SwiftPotato wrote:Checking in: sent my second story for the quarter to a respectable market.
That's funny that our Keeper of Records has to check in, but it's true: Posting to our group makes us accountable, and Leah is in it with the rest of you.
I'm watching for the next one of you to make a sale. Hopefully to Writers of the Future, but if not, to another respectable market!
Keep doing the flash KYD exercises. Aside from writing fresh stories and writing daily, I can't think of an exercise that's going to increase your skill set faster. You aren't just trying to slap down 500,000 to one million words as fast as you can. You are working on writing smarter with every story you create.
One thing I discovered last night. The Seven Point Plot everyone teaches has a flaw! It only teaches external story arc, the plot itself. The seven points neglect the most important thing in a story: What is my protagonist's heart's desire?
Nothing is more important, because it's Why. We. Care.
If a story fails to tell us what the protagonist desires, we fail to see their inner motivation, and it's those inner motivations that make us hope for them, cry for them, hold our breath for them as they seek the thing most desired.
To fix the problem, some teachers will draw up two diagrams. 1. External story arc. 2. Internal story arc. They have alternate names for these as well, but these are the common ones. All this says is that the 7 Point Plot diagram is missing something--otherwise, why draw up an additional reference? It's missing the most important aspect every story must have to be truly satisfying, to be a winning story that people remember. The heart's desire of your protagonist.
It really should be the 8 Point Plot. A story should open with 1. A character 2. In a setting 3. With their heart's desire 4. With a problem (often the inciting incident that's keeping them from obtaining their heart's desire). 5. They must try. 6. They must fail (and things get worse) 7. Trials must come to a Climax 8. Denouement/Resolution. See? Eight, not seven.
This is why we read many stories that don't grab our hearts, that don't make us care about the protagonist. The story is technically correct, all 7 points, but has no heart. It's missing the emotional element, and that's wrapped up inside the protagonist, and the writer must show us what motivates their protagonist to go on the quest. The writer must give us a reason to care.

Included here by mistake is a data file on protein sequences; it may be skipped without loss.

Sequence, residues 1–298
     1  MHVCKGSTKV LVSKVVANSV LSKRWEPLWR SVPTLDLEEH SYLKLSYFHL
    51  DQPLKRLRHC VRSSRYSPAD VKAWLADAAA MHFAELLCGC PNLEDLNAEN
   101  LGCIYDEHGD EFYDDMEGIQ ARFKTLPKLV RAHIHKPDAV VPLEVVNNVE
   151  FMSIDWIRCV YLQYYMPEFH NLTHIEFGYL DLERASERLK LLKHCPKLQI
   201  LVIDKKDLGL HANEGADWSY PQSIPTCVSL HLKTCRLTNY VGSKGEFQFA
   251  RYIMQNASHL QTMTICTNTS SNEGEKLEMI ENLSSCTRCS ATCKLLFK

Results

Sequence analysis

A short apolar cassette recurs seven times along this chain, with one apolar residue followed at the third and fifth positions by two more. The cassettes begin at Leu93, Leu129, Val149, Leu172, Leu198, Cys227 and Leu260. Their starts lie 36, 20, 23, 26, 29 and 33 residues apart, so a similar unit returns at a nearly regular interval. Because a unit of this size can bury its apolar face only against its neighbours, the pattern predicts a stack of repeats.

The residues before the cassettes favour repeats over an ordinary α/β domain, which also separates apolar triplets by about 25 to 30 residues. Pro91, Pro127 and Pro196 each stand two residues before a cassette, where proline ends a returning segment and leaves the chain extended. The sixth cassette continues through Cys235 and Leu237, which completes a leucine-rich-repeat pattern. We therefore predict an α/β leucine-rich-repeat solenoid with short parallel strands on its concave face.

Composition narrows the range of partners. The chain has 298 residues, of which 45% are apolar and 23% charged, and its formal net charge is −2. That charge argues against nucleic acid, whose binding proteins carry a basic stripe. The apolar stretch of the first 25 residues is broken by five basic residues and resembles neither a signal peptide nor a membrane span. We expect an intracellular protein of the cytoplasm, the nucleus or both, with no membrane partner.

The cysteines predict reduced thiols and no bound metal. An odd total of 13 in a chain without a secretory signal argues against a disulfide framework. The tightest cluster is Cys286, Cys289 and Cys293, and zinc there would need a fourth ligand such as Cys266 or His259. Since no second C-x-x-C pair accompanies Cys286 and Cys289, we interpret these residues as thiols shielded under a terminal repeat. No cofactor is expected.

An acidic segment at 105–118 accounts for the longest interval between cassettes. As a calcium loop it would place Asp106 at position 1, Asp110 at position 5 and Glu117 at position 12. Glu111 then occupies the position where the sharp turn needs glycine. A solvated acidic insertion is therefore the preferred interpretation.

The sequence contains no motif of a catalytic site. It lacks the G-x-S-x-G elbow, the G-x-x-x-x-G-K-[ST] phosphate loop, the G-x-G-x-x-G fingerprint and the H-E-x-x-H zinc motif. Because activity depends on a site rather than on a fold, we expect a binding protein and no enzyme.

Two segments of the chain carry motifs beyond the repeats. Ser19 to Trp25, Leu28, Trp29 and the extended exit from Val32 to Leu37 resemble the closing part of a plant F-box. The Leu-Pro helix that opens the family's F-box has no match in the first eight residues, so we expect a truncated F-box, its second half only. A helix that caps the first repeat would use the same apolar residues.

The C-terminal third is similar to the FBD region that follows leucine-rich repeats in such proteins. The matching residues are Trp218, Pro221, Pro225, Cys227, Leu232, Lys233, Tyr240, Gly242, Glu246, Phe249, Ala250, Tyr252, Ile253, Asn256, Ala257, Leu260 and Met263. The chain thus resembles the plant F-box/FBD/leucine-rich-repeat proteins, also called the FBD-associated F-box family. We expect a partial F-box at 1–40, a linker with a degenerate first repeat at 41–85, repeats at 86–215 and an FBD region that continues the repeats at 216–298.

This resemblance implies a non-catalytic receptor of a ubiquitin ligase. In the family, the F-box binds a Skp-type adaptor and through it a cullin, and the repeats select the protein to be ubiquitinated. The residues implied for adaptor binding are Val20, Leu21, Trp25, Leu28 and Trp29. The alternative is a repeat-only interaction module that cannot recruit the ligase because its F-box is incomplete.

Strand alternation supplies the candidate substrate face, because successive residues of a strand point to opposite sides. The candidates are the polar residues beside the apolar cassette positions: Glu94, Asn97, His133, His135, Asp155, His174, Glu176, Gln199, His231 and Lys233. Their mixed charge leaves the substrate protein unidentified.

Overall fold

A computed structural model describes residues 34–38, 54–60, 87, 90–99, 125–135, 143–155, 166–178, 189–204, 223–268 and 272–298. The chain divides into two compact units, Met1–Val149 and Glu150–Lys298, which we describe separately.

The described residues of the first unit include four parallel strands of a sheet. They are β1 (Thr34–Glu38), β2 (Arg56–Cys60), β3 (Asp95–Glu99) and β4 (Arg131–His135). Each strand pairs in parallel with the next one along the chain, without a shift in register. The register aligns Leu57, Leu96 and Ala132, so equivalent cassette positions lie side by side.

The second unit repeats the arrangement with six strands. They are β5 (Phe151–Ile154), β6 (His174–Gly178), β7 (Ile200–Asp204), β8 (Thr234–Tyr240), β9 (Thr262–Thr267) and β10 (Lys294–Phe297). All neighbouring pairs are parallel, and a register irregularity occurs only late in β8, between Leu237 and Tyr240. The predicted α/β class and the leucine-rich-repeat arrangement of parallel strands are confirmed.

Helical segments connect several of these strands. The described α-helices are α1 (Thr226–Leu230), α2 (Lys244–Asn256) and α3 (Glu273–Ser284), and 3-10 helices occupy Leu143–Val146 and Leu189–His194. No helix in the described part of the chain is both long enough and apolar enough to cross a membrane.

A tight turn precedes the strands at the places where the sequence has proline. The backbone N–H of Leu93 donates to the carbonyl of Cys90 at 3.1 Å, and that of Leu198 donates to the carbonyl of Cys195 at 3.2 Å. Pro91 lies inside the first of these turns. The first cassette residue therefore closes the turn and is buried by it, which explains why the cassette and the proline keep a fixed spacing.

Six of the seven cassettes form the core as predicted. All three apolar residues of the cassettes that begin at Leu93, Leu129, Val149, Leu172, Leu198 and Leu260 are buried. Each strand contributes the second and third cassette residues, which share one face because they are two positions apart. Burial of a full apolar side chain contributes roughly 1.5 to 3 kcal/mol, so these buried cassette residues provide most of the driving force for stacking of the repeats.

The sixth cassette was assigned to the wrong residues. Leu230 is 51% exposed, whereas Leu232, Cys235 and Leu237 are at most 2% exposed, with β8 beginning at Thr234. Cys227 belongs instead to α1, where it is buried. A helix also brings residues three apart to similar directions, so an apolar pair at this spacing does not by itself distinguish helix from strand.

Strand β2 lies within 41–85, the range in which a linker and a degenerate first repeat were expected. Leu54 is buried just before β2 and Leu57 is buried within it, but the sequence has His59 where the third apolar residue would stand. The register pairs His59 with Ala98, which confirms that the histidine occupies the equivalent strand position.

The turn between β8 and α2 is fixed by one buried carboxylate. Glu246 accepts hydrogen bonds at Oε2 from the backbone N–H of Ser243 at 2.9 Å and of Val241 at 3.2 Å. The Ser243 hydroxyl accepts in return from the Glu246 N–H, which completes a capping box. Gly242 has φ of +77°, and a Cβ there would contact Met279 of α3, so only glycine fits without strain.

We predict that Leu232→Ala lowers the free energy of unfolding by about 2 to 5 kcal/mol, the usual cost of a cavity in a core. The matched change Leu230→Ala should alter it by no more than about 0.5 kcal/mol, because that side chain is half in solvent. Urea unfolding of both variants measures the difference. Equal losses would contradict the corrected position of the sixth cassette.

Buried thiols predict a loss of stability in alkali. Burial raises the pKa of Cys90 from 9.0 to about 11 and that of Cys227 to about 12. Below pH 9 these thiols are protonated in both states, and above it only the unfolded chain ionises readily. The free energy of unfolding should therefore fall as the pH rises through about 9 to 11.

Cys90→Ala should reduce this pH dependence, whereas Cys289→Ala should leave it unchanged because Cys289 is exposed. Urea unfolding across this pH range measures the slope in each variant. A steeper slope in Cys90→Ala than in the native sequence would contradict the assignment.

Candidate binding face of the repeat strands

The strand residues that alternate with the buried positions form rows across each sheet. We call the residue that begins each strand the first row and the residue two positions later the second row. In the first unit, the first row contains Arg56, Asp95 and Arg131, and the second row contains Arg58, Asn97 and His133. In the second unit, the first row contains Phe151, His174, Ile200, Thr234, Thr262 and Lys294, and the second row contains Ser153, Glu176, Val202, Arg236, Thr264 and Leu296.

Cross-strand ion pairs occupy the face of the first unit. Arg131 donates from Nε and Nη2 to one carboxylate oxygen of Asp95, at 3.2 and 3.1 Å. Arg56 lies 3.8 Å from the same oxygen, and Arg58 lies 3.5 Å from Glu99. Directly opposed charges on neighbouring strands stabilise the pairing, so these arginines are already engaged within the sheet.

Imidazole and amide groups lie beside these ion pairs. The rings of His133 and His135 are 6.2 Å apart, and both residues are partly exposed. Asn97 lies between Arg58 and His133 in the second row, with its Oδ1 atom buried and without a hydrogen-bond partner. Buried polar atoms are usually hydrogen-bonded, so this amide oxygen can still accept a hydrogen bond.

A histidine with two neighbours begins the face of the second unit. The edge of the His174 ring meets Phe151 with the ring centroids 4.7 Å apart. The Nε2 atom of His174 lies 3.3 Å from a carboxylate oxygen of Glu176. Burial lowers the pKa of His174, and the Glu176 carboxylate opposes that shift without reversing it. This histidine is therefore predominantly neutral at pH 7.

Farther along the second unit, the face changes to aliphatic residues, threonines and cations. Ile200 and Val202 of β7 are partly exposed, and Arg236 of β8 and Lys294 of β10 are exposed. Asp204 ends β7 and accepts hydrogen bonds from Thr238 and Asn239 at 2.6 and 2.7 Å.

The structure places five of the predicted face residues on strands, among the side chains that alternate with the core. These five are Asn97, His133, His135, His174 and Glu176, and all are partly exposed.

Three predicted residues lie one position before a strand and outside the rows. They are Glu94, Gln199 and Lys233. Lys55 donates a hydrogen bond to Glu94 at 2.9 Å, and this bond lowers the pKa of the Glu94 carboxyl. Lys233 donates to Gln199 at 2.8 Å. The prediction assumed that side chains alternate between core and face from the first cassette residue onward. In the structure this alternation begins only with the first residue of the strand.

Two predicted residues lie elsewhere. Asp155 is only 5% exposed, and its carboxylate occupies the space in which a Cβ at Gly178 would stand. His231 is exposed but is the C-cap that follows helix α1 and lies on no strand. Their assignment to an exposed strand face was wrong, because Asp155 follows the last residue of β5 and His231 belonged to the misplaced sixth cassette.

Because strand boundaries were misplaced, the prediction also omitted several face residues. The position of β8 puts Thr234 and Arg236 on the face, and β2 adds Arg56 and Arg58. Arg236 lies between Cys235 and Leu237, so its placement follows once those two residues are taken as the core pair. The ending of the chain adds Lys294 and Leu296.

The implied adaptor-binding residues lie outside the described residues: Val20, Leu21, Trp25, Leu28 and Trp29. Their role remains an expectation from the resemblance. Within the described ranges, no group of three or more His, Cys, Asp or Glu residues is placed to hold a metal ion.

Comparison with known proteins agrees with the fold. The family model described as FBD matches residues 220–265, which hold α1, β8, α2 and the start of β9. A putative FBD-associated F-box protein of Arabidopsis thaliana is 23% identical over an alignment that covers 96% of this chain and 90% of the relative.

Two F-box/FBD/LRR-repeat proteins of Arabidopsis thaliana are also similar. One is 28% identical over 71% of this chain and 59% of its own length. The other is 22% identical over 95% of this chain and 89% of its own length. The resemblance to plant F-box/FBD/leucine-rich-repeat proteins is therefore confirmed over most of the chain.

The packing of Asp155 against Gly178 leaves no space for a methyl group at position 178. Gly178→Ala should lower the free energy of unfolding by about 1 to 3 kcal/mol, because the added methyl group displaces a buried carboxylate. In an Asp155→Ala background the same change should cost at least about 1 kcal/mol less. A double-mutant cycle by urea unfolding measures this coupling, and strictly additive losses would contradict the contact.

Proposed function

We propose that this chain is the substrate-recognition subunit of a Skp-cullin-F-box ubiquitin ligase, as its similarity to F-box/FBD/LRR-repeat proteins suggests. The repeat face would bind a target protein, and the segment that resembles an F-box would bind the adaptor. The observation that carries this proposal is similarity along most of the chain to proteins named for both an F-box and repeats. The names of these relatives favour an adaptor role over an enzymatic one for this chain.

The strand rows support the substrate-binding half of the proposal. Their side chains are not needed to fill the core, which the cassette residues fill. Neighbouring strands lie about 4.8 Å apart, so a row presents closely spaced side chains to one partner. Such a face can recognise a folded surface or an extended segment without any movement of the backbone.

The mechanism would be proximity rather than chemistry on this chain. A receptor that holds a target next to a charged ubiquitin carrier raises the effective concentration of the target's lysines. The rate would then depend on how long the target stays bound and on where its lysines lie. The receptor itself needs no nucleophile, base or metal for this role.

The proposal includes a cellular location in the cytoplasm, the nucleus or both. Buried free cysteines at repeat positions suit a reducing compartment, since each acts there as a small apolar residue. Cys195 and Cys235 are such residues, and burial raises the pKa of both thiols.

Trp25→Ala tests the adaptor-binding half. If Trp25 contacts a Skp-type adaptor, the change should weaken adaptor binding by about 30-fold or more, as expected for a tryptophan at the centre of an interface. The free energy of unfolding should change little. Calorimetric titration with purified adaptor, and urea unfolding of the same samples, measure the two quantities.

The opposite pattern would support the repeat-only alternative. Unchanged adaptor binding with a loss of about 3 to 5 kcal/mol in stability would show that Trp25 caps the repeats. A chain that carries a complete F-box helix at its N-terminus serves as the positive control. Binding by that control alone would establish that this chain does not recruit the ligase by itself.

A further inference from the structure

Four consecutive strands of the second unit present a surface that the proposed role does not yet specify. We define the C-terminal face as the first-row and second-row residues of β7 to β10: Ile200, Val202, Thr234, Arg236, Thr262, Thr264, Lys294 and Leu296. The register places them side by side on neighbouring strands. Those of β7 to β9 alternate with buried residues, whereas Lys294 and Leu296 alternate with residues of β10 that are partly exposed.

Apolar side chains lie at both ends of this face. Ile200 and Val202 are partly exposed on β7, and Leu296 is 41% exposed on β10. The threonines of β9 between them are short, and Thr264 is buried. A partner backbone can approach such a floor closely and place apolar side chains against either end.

Why do I have you write 1000 word flash stories, cut them down to 500, and stop? So that you can look inside your tale and find the beating heart. This should be the thing your protagonist most desires (whether or not it's really good for them), and the rest of your story should focus on their attempt to attain that desired thing. Your 250s, if done right, are vignettes all about that beating heart, that thing most desired by your protagonist. Go back to my example in the Kill Your Darlings exercise section, "Last Words." Study why that story is strong. You will find it opens with the great need of the protagonist of the story to get the approval of his father--the thing most desired. Powerful internal need drives the story. Everything is focused on the "beating emotional heart" and whether or not he will get the thing desired.
Now ask yourself: Do I state in the opening of my story what my protagonist's heart's desire is? It may change as the story unfolds, but do you have a statement of desire, of what they long for that motivates their very being? If you fail to do this, your story will fail to reach its fullest potential. Because you are missing the most important element...of the EIGHT point plot.
Before you sub your Q2, go see if your first two pages reveal what your protagonist's heart's desire is. Is the rest of your story focused on this? Do they get what they desired by the end? Do they come to realize what they desired may not have been the proper desire? Do they get the thing desired, but it destroys them? All of these things make for very real, and very human, stories. They make us reflect on our own motivations and choices we have made. Strong internal story arcs make the strongest stories.
And strong stories win.
All the beast!